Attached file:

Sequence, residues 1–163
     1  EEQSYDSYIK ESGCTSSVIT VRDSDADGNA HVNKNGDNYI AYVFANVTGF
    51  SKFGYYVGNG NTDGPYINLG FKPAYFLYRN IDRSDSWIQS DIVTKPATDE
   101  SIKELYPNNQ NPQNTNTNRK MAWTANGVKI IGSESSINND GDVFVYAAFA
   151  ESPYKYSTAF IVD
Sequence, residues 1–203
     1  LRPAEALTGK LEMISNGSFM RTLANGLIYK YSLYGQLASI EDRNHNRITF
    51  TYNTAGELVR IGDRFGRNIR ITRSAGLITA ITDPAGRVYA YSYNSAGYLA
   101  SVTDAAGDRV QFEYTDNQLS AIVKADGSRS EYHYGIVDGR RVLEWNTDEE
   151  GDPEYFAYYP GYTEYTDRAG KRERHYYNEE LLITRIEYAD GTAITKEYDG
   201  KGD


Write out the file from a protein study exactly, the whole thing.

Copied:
Sequence, residues 1–163
     1  EEQSYDSYIK ESGCTSSVIT VRDSDADGNA HVNKNGDNYI AYVFANVTGF
    51  SKFGYYVGNG NTDGPYINLG FKPAYFLYRN IDRSDSWIQS DIVTKPATDE
   101  SIKELYPNNQ NPQNTNTNRK MAWTANGVKI IGSESSINND GDVFVYAAFA
   151  ESPYKYSTAF IVD
Sequence, residues 1–203
     1  LRPAEALTGK LEMISNGSFM RTLANGLIYK YSLYGQLASI EDRNHNRITF
    51  TYNTAGELVR IGDRFGRNIR ITRSAGLITA ITDPAGRVYA YSYNSAGYLA
   101  SVTDAAGDRV QFEYTDNQLS AIVKADGSRS EYHYGIVDGR RVLEWNTDEE
   151  GDPEYFAYYP GYTEYTDRAG KRERHYYNEE LLITRIEYAD GTAITKEYDG
   201  KGD